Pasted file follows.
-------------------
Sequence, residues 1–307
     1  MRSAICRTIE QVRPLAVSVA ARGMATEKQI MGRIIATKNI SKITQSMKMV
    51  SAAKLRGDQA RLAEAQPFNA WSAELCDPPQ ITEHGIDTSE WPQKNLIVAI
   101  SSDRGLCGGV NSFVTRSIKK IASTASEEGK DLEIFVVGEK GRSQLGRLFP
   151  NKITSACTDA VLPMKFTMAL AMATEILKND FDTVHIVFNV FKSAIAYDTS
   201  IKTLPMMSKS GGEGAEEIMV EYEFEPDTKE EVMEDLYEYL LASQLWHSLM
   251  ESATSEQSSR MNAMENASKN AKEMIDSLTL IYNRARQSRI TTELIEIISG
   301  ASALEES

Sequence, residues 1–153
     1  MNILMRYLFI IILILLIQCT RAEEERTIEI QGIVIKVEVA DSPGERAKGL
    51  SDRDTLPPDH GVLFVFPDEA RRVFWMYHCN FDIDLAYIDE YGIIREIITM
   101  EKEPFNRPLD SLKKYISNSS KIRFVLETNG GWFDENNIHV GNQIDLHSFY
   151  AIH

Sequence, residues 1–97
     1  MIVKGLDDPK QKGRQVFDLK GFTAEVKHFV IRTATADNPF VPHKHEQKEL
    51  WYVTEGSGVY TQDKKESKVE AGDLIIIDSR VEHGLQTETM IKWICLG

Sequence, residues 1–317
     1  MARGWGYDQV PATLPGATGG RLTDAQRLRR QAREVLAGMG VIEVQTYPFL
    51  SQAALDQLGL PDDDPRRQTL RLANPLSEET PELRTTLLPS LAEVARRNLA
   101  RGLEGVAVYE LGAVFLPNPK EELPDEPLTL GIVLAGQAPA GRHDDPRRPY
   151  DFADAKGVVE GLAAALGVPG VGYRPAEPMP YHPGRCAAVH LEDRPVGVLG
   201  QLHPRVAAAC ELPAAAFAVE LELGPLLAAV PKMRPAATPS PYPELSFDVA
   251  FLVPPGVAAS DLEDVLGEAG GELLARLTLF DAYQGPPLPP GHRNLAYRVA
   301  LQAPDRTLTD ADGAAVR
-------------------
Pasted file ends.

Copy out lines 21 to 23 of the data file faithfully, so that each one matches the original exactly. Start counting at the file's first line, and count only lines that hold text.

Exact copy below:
   151  DFADAKGVVE GLAAALGVPG VGYRPAEPMP YHPGRCAAVH LEDRPVGVLG
   201  QLHPRVAAAC ELPAAAFAVE LELGPLLAAV PKMRPAATPS PYPELSFDVA
   251  FLVPPGVAAS DLEDVLGEAG GELLARLTLF DAYQGPPLPP GHRNLAYRVA